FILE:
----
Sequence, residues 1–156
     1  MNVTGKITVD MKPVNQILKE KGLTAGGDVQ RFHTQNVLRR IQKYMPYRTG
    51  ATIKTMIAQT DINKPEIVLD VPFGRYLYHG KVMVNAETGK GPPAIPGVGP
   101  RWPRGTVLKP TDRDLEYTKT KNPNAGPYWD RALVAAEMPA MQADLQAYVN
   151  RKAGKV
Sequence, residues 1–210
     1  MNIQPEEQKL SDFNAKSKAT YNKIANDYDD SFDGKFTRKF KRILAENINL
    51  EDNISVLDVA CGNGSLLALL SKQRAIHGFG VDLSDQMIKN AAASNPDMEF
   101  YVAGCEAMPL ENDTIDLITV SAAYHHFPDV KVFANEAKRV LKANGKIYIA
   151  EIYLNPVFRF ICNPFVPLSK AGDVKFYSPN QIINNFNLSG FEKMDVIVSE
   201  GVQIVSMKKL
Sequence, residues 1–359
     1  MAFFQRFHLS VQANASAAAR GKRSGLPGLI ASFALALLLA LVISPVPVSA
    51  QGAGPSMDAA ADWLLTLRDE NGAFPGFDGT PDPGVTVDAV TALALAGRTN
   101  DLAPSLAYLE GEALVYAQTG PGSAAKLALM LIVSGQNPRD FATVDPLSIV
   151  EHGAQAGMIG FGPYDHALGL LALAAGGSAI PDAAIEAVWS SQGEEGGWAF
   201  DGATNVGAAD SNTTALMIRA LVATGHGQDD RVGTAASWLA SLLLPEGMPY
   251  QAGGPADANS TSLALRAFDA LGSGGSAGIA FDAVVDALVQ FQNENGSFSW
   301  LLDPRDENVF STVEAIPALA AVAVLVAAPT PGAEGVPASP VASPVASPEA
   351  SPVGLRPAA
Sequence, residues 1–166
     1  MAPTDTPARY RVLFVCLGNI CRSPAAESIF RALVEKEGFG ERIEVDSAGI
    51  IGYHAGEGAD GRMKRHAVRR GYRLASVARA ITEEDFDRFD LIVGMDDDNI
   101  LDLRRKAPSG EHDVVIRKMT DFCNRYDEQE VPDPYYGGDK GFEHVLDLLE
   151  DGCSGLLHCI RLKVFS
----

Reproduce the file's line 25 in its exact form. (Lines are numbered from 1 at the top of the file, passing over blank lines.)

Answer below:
   151  DGCSGLLHCI RLKVFS